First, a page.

There is no road more thoroughly alive—more colorful, vigorous, unpretentious, and underappreciated—than the southern stretch of Highway 99 as it bisects the Central Valley from Modesto on down to Bakersfield.
The route marked out in the early 1900s along this corridor was initially paved with a single 15-foot-wide strip of concrete. As the region's farm economy burgeoned, the little road grew to link big cities with small, isolated agricultural towns like Hughson, Le Grand, Tulare, Selma, and Hilmar. In John Steinbeck's Grapes of Wrath, it is on Hwy. 99 that the fictional Joads travel, as did so many real-life Dust Bowl migrants looking for work in the fields. Today, hardly a nectarine, cotton ball, or walnut exits the Central Valley without being ferried up or down 99.
But the road has never ranked high on sightseers' agendas. Most people who drive Hwy. 99 these days do it because they have to—truck drivers delivering goods, people visiting relatives. As Joan Didion wrote in "Notes from a Native Daughter" 36 years ago, "99 would never get a tourist to Big Sur or San Simeon, never get him to the California he came to see."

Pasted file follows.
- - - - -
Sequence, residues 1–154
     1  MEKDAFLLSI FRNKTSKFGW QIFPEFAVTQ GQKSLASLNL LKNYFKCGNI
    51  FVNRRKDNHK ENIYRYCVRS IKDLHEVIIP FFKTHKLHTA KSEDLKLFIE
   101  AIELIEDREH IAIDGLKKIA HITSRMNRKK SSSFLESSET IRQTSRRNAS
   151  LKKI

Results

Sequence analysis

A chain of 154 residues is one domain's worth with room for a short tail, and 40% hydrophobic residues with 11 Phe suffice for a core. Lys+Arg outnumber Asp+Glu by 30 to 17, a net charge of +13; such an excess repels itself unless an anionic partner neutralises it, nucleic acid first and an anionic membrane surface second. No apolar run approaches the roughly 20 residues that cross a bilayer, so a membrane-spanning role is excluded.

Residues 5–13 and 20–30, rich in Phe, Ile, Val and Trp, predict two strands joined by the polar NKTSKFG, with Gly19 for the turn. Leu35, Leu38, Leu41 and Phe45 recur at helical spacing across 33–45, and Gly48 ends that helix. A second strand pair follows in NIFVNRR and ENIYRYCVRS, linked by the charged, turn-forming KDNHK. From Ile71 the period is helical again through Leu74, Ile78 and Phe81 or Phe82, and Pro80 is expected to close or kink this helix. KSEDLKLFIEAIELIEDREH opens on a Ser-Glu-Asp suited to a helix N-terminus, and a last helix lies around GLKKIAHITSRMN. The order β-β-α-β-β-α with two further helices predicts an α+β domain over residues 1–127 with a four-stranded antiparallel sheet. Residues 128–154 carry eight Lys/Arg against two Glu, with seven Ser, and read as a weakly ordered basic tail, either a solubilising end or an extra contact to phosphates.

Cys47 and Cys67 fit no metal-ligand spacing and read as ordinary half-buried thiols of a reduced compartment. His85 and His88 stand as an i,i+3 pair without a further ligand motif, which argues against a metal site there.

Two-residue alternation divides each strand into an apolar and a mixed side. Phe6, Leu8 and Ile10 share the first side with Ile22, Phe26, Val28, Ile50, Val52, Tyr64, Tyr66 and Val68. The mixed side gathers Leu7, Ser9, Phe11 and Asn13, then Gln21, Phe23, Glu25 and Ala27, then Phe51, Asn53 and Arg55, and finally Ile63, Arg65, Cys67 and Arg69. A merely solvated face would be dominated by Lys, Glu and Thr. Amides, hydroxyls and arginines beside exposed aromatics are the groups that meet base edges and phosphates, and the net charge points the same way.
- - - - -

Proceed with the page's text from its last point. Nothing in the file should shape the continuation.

This may be the key to its charm. Driving along Hwy. 99 today, you'll find a vibrant, unfussy, authentic California, a fitfully lovely landscape of almond orchards, mangy farmyards, rusty train works, peach trees, Depression-era hamburger stands, and Dairy Queens from more recent days. The highway passes some of the state's fastest-growing towns; with their handsome old Main Streets and messy, sprawling outskirts, they offer a rich array of attractions.